|Quail Roost||community in N Durham County. Named for a former hunting club there acquired in 1925 by George Watts Hill of Durham, who turned it into a dairy farm. In 1963 the farm was given to the state of North Carolina by Hill. The large house is used as a conference center by the University of North Carolina; North Carolina State University makes use of the surrounding land, designated as Hill Forest.|
|Quaker||community in S Stokes County served by post office, 1876-1903. Also known as Quaker Gap.|
|Quaker Creek||rises in NE Alamance County and flows S into Quaker Scrub Creek.|
|Quaker Gap||See Quaker.|
|Quaker Gap Township||W central Stokes County.|
|Quaker Meadows||a grassy region in W central Burke County 1 mi. NW of Morganton, lying between Canoe and Upper Creeks. Settled as early as 1752; appears on the Collet map, 1770. A frontier rendezvous, it was the home of Joseph and Charles McDowell, officers at the Battle of Kings Mountain (1780) and later public leaders. Zebulon B. Vance and his first wife, Harriet Espy, were married there.|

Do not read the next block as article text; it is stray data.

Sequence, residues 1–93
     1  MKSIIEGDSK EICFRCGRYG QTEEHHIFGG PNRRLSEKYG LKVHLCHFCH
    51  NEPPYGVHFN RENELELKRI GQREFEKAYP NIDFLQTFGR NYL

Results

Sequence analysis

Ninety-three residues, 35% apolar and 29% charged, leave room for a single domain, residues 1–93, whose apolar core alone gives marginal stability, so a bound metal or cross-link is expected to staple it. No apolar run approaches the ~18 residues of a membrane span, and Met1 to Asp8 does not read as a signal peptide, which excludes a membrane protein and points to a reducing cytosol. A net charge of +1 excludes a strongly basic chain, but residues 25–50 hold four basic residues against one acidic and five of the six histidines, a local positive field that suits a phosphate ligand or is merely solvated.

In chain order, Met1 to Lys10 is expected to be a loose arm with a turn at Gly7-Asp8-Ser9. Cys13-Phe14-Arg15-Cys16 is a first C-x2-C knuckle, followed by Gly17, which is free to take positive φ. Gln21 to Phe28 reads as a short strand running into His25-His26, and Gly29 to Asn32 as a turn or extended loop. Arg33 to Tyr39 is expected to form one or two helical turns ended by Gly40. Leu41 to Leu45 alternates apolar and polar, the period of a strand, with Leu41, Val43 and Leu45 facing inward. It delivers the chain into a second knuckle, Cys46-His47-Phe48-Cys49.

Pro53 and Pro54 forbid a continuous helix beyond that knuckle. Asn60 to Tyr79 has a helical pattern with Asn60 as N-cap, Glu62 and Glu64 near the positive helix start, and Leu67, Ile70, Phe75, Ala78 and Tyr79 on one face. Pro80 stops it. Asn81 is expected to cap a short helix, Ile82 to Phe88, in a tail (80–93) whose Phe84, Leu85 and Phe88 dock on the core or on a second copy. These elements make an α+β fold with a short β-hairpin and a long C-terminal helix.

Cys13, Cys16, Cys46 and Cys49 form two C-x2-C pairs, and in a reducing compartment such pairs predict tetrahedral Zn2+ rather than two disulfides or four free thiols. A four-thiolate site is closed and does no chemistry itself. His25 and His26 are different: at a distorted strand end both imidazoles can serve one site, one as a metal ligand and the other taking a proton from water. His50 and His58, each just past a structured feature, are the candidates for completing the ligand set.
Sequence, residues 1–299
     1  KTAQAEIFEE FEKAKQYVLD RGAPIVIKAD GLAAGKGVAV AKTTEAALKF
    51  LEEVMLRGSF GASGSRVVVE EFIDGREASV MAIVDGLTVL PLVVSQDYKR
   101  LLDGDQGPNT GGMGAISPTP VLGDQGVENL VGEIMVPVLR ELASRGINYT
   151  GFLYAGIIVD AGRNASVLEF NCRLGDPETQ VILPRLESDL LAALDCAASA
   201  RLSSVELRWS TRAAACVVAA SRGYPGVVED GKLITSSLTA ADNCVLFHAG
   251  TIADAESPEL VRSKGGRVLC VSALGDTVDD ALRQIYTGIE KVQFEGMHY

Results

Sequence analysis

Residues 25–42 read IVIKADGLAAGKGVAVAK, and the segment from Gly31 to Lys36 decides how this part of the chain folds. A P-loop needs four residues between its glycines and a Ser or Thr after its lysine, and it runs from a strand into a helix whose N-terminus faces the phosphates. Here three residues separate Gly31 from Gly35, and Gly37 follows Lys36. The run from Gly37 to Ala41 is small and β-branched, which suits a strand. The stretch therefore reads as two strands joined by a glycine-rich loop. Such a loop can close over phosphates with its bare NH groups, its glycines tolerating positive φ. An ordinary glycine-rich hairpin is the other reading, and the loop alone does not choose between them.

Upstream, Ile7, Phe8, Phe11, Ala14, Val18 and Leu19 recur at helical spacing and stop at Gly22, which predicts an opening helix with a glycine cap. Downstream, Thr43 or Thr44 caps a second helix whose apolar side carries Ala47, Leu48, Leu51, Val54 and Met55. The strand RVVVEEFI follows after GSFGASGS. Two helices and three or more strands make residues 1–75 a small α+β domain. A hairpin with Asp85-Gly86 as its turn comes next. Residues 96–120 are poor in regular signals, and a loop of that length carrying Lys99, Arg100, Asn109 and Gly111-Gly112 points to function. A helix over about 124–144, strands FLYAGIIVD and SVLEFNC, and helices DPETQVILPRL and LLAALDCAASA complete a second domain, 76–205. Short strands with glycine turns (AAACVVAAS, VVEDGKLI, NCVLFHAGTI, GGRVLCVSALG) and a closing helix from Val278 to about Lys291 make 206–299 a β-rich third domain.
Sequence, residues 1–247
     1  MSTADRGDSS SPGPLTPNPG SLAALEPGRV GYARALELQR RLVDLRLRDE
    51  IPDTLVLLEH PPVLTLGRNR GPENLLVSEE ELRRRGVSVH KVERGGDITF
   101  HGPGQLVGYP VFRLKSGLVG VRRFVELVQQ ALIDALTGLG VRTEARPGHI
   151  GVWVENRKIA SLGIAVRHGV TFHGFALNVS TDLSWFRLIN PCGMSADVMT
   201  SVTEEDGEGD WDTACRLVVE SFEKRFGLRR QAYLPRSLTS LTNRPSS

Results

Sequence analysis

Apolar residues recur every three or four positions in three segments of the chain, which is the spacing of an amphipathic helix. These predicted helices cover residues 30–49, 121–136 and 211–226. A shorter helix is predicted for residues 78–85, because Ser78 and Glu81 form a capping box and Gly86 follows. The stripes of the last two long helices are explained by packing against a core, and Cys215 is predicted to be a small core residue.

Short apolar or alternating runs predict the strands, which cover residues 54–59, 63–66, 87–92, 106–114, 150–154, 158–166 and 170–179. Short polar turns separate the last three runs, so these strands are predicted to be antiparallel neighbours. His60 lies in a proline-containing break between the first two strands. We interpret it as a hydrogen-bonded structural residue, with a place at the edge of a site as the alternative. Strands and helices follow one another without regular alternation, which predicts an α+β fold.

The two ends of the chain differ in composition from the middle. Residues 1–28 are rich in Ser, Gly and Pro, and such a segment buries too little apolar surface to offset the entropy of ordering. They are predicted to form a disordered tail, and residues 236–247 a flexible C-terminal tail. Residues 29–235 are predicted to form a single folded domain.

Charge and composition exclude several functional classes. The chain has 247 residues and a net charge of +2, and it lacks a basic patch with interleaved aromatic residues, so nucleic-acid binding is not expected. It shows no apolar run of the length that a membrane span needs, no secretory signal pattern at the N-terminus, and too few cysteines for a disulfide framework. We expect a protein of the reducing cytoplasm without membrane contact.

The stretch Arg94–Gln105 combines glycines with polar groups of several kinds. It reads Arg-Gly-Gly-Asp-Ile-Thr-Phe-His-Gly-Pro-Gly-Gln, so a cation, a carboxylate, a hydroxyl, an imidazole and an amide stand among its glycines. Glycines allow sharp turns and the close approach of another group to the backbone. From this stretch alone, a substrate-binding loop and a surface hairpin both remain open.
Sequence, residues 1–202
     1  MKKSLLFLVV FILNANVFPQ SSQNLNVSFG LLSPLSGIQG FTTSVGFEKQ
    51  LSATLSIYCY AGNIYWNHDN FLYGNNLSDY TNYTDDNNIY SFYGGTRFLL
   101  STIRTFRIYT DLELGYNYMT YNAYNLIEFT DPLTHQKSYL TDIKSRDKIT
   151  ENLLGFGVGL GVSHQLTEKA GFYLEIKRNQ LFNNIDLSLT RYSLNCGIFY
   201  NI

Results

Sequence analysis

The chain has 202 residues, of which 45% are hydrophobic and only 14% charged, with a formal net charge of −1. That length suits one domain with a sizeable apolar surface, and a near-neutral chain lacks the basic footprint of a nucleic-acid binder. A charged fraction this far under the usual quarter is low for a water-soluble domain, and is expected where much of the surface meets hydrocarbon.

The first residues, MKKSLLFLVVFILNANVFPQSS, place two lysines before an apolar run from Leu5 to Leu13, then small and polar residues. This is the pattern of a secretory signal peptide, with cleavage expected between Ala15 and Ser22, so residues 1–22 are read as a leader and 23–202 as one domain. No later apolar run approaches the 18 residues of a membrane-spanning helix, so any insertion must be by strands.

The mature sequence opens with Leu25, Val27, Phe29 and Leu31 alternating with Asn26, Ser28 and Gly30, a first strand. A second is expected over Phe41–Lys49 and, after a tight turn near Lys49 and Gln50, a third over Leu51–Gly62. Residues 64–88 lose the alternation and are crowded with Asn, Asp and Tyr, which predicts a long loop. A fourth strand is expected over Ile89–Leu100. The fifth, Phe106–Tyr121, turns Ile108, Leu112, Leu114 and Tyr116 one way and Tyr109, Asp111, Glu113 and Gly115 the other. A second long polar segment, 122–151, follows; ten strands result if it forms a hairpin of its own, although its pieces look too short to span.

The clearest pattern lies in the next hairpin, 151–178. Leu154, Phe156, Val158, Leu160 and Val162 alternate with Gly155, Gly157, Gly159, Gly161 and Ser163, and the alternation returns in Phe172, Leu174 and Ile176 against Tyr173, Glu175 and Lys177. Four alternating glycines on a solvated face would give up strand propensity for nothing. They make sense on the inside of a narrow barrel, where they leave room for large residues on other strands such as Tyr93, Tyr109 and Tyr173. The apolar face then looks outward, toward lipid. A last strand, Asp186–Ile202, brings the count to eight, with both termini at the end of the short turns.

|Quaker Meadows Township||central Burke County.|
|Quaker Neck||W central Wayne County, is formed by a crook in Neuse River. Location of a Quaker settlement prior to 1758. See also Goldsboro Cooling Pond.|
|Quaker Scrub Creek||rises in NE Alamance County and flows S into Back Creek.|
|Qualla||community in NW Jackson County on Shoal Creek. The name is from the Cherokee word kwalli (old woman), because an old Cherokee woman, Polly, lived there. Also called Quallatown. Alt. 2,250.|
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